Sunday, September 25, 2005

Introduction to an Introduction

Introduction -- What the theory is, what the theory is not

I've been having some trouble writing the first section of this essay, I think because I feel that while I have introduced the essay in the last post, I haven't really introduced the theory, and most people seem to have their own sometimes inaccurate ideas about what Forge theory is intended to do, and what the contents of it are saying. So here's a brief overview.

0) This is a condensation and explanation of the work of a lot of people over a long period of time

I'm going to try to give credit where it is due, but it is almost certain that I'll miss some folks. This is where you come in.
If someone is the author of a particular concept, and happens to be reading, and I don't mention that you contributed to it, please tell me in the comments! Likewise, other folks should let me know and give reference threads if they feel like it. This is a rough draft and we are all writing it together.
Two names which will get mentioned, but should be spoken right off the bat, are Ron Edwards and Vincent Baker. The two major ideas in these essays are due to them, and a lot of the rest of it besides.

1) The theory that I am describing in this essay is description, not prescription.

Or, simply, it is talking about the structures and nature of every single table top role-playing game ever played. Not simply games played with "indie systems." Not simply games that we consider artistically valid. Not any subset of games. All games played, ever, contain the structures that I am talking about in most of this essay.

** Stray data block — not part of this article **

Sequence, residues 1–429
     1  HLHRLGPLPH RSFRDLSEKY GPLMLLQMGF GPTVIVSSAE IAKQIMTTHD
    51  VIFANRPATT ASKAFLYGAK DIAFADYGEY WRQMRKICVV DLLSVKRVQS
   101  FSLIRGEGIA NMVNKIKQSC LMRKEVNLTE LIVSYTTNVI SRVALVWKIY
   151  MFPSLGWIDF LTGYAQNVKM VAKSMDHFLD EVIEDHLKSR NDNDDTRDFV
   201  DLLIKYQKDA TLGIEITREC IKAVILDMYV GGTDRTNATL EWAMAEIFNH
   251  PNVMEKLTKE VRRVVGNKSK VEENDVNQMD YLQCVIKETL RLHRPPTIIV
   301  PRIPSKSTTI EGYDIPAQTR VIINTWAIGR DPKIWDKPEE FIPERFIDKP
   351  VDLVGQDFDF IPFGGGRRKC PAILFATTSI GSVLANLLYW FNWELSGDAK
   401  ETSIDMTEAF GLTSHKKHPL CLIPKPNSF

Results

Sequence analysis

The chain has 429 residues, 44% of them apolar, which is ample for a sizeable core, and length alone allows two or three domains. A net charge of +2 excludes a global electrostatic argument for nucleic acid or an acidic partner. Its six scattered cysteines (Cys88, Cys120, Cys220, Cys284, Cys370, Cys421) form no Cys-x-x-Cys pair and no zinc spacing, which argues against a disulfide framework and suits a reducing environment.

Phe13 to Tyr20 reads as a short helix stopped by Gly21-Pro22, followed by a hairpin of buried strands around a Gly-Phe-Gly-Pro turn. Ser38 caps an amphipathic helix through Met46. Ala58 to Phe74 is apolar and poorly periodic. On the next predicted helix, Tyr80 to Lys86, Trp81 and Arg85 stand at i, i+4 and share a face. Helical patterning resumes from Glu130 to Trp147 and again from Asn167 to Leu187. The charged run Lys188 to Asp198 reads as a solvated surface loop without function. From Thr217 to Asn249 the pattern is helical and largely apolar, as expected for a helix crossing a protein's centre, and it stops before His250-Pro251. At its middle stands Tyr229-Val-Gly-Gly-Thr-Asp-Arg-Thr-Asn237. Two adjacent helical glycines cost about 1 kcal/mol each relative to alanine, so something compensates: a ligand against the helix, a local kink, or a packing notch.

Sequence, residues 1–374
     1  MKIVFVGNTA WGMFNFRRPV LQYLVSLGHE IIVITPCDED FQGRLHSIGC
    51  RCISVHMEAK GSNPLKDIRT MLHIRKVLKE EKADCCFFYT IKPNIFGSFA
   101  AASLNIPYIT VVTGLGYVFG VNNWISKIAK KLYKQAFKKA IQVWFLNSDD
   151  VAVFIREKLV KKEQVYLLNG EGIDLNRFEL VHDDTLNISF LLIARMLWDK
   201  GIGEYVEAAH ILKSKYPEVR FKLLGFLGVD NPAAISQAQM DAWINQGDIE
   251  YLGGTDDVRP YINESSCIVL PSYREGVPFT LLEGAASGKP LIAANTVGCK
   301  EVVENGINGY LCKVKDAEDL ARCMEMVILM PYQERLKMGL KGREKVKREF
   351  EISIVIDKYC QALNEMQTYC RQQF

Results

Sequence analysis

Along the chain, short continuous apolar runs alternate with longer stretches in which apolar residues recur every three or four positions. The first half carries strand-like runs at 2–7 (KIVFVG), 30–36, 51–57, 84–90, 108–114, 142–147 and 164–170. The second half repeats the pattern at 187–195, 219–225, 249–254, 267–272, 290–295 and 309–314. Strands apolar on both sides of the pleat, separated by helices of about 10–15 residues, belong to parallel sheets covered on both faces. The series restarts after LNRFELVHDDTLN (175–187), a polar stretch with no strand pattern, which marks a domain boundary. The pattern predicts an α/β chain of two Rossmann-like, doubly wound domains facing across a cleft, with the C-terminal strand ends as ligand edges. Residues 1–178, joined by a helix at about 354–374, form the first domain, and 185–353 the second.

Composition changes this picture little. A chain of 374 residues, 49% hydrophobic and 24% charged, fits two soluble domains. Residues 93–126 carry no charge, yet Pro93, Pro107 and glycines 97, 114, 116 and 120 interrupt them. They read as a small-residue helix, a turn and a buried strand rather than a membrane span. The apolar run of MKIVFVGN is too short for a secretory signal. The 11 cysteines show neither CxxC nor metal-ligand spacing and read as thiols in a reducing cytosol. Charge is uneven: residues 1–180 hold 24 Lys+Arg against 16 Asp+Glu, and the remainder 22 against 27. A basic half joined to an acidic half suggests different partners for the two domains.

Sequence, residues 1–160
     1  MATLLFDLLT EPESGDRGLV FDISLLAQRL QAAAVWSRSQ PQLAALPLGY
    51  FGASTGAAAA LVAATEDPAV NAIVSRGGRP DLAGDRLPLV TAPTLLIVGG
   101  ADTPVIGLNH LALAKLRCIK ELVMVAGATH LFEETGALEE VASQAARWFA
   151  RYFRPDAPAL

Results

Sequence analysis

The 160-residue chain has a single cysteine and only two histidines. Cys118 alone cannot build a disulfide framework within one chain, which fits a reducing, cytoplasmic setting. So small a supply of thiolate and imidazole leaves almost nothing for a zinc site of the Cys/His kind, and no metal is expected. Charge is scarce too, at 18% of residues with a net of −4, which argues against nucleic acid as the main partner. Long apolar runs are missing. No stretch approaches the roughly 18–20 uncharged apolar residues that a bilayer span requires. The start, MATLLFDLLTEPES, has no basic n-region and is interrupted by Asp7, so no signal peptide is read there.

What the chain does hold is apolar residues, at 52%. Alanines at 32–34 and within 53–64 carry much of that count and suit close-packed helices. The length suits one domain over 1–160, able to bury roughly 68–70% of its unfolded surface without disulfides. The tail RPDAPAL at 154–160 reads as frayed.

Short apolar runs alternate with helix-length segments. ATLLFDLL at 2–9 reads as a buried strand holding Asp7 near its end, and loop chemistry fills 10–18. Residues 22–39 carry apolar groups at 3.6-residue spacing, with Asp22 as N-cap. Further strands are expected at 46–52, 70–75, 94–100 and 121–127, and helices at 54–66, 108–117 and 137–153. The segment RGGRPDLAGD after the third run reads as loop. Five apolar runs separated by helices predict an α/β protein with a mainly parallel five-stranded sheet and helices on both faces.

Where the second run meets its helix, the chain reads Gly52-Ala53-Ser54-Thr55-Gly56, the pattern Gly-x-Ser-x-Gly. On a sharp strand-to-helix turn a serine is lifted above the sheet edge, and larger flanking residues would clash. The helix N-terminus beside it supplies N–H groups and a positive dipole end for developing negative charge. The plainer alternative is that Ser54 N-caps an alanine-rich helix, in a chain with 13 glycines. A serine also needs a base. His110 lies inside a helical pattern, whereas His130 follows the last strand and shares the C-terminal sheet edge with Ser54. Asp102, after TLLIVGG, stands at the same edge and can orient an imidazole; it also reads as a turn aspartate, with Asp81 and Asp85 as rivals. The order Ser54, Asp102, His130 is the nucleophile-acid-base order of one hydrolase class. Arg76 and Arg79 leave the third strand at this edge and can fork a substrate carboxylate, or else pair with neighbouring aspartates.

In general, I am not interesting in telling you how to play your game (at least, in terms of this essay.) I am interested in telling you what is going on in your game.

There is a point, later in the essay, where I consciously switch from description into prescription -- I start giving advice on what to do as a player and as a designer. This shift will be clearly marked.

2) The theory that I am describing is a work in progress.

I am not saying that this is the climax stage of the Big Model, or even that it is any sort of finishing point. I am writing up an explanation of what I see as the main theories from the Forge culture as I understand them right now. I don't expect that this document will remain up-to-date for any length of time, probably because the critical feedback from readers will result in revisions and re-examinations of the theory.

Likewise, it is quite possible that you can go back in the Forge archives and find people saying things that contradict what I'm presenting here. It is quite possible that you will find me saying things that contradict what I'm presenting here. If you are the sort of person who finds this sort of contradiction immoral or upsetting, this essay is not for you.

Lastly, it is quite possible that there are other useful models of role-playing, and that the Big Model is merely one, and that it may be completely or partially replaced in the years to come.

3) The theory that I am describing is restricted to table-top role-playing games

No bets on using it to analyze LARPs, MMORPGs, board games, card games, novels, plays, sculpture, ballet, or any other artform.

4) This essay is intended for people who have played table-top role-playing games

This is a critical and analytical theory. I do not think it is useful or fruitful for people who have not experienced the sort of art I'm talking about to learn how to critique it. It would be rather like trying to explain film theory to someone who has not watched a movie -- possible, perhaps, but it would be simpler for them to just go watch some movies and then come back and learn it.